Since windows are responsible for the most heat gain in a house, shading windows should be the first priority. There are a range of options for shading windows including eaves, pergolas, louvres, shade sails, and even plants.

Shading can also be used to minimise the force of the sun on east and west facing walls and the roof. When planning passive shading you want to carefully work out the summer sun angles to determine where shading will have the most value.

Strategic planting for shade is a great natural option for passively cooling the home. Deciduous trees, vines and shrubs are a great option for blocking out the sun in summer while letting light through in winter. Ground cover plants can also absorb heat, lower temperatures around the house and reduce glare and reflected heat.

  1. Update Insulation
Home Window Tinting Melbourne

Insulation is a vital component of any passive cooling project. Insulation creates a barrier to thermal transfer, capturing heat before it can enter the interior of the house. Quality insulation will significantly lower heat gain, reducing the need for air conditioning to cool the home.

If your home has old insulation, it might be worth updating it for maximum benefits. Have an insulation professional assess your property to determine the type, amount and placement of insulation that is best suited to your type of home, as well as your location and climate.

  1. Ventilation

Natural air movement is an essential part of passive cooling. Channeling natural breezes through the house can help to dissipate heat by removing stagnant air and reducing humidity.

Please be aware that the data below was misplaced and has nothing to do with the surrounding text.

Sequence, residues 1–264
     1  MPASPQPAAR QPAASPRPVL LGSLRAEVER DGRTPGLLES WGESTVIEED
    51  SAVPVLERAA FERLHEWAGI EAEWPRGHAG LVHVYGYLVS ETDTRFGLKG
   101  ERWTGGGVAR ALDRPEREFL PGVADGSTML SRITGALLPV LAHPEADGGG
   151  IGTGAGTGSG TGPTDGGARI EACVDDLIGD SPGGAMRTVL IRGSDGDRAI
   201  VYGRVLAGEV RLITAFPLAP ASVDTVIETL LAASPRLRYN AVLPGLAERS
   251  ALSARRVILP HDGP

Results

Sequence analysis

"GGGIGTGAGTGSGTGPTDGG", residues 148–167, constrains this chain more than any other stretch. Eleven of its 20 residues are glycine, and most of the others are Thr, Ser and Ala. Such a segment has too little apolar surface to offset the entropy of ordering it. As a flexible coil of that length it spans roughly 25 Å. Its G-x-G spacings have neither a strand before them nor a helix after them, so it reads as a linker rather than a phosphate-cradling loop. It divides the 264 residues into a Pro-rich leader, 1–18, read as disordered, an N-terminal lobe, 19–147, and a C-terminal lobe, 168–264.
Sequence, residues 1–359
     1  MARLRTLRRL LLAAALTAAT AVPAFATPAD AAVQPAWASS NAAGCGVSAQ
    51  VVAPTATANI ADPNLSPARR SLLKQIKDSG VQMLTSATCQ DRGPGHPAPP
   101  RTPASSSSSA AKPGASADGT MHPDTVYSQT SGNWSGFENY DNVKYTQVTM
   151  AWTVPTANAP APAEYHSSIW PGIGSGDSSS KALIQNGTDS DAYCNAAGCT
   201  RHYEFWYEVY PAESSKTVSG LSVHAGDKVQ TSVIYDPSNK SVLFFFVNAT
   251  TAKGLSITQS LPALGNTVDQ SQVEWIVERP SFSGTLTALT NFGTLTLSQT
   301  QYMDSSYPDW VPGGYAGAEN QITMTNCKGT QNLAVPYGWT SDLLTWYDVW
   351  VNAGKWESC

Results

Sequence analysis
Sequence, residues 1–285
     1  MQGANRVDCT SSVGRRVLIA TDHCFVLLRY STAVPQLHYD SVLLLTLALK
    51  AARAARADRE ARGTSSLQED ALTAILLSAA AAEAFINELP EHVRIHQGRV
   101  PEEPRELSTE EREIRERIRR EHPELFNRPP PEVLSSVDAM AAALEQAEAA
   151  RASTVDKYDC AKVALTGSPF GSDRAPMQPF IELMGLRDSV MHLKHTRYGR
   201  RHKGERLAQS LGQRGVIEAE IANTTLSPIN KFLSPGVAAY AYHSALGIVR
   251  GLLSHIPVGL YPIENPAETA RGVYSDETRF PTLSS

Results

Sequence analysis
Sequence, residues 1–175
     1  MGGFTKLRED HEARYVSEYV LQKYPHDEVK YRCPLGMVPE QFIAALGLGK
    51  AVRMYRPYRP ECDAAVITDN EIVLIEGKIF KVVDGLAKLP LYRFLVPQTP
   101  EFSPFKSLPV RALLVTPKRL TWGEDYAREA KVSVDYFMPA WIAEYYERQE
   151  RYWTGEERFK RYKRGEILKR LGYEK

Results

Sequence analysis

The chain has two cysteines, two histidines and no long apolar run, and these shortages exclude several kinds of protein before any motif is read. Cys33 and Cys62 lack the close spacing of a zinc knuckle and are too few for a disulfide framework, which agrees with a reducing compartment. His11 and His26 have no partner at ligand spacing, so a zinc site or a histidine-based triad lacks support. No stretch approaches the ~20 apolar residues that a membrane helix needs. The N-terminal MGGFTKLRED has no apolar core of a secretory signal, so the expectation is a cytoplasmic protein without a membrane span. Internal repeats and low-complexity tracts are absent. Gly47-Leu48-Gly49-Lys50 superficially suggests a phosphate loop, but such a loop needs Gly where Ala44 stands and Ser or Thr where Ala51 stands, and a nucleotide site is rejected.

While good ventilation should be factored in at the house’s design stage, it can be enhanced in existing properties through the strategic use of doors, windows, skylights, louvres, vents and ceiling fans.

Natural ventilation works best when coordinated with the weather. You should minimise outside ventilation during the hottest parts of the day and try to maximise ventilation at night when the outside air is coolest. This can help to dissipate the heat that has been absorbed during the day and prevent the build-up of heat over multiple hot days.

  1. Natural Evaporative Cooling

As water evaporates, it absorbs heat and cools the air. Strategic placement of water features like ponds, fountains or misting sprays can help to cool the air around and inside your house. Combining water features with the breeze creates a natural air conditioning effect where the air is cooled as it passes through the evaporating water. This technique works best in low humidity areas. When using this technique, it’s worth considering how you’re going to source the water to ensure you don’t end up wasting water.

Passive cooling is a great way to keep your home cool in summer, save money on your power bills and reduce your home’s carbon footprint. With a little creative planning, you can reduce reliance on your air conditioning while keeping your home cool all summer.